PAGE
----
This project acts as a vessel of my mother, grandmother, and great-grandmother stories, which are bordered by research and writing on the socio-economic spheres, gender studies, financial disparities, and the politics of the household.
Although the project looks mostly at my family’s embroidery, I took into account other artists that have worked with relating topics. I discussed the artist Anna Trapani and her series Corpi Indocili, Sandy Orgel and her work Linen Closet, and Yin Xiuzhen and her sculpture Bookshelf N°7, one for each chapter, as they integrate with their discussions.
Ultimately, I used the research and making of this project to overcome my prejudice towards domestic work; the love and the dedication to the household seemed driven by patriarchy and had lost their warmth. It’s within this ambivalence that embroidery conserved its beauty: embroidery is a practice that made women artists in their own homes.
Medium:Writing and photography
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If you were to expand Earth’s address, after ‘Solar System’ and before ‘Milky Way’, you’d have to mention the cosmic cloud our planet floats in – it’s called The Interstellar Neighbourhood, and it encloses the nearest stars to Earth. Among them, reside a few stars that are close enough for me to see my past in their light – past I have observed, and gathered in photographs to overcome the delay between the moment the light of the stars was radiated in the Universe and the moment it meets my eyes.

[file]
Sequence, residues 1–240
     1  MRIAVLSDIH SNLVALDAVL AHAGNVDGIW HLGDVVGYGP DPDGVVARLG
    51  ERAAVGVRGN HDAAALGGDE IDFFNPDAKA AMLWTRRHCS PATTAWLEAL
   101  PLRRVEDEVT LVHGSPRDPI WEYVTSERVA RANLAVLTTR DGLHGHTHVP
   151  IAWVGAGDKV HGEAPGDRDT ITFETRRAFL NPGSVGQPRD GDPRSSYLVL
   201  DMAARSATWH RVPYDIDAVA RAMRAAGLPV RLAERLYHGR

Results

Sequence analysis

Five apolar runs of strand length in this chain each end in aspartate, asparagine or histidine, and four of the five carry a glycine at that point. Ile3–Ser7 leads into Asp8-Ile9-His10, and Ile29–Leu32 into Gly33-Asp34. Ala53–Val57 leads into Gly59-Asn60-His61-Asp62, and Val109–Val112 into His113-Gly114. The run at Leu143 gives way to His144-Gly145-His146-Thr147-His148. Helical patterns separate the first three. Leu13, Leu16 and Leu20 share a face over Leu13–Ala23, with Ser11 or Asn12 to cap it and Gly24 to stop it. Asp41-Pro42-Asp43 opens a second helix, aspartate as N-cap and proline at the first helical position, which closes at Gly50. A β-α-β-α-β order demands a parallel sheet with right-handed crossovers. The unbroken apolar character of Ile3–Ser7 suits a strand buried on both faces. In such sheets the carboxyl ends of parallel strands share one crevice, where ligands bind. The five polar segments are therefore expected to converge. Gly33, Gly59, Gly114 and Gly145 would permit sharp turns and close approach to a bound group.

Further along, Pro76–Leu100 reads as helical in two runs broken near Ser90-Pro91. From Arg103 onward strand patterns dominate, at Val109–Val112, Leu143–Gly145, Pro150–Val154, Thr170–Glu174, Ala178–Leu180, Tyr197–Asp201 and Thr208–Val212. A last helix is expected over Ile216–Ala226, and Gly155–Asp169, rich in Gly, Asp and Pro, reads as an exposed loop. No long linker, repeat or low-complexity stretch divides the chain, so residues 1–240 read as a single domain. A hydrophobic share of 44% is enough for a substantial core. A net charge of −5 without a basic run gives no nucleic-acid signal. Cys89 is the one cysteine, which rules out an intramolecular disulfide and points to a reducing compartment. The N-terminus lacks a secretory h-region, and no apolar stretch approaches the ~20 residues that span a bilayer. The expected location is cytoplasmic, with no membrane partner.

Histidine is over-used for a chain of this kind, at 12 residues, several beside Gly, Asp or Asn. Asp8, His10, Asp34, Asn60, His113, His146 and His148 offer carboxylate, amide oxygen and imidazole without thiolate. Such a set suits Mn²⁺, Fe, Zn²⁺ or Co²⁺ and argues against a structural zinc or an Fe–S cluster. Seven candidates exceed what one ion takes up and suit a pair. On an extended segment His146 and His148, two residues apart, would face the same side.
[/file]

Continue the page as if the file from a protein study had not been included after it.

"This photobook is the result of the spatial awareness that I have developed as I grew up stargazing. It is a photographic map of my past that, at the same time, keeps me present — the stars are there, up above, stitching the outline of the interstellar neighbourhood."
The body of a person could be considered like a map already: the face, the hands, gestures and habits could guide us into understanding the life experiences that person lived. For this project, however, I wanted to focus on the concept of memory underlining the geographical location the subject is from, because I wanted the viewer to understand how it could still condition the present of a person. Nevertheless, I didn't want to consider only the past, so I decided to use a picture in which the subject is projected to the future: we can see he's on a train, he has a working bag, a newspaper, and he's dressed as if he's going to the office. I decided to portray my father for this project because he has always been a traveler: he was born in Switzerland in a family of Italian immigrants, he grew up in the USA, and he eventually came back to Italy. Nowadays, he takes up to five flights a week for work.
For this project, also, I wanted to underline how we cannot tell where he's going in the near future: no elements in the picture can allow us to understand his destination.
With this picture I didn't want to represent a finished journey, but an on-going situation that leaves room to endless possibilities - bringing the whole concept of the project beyond the frame.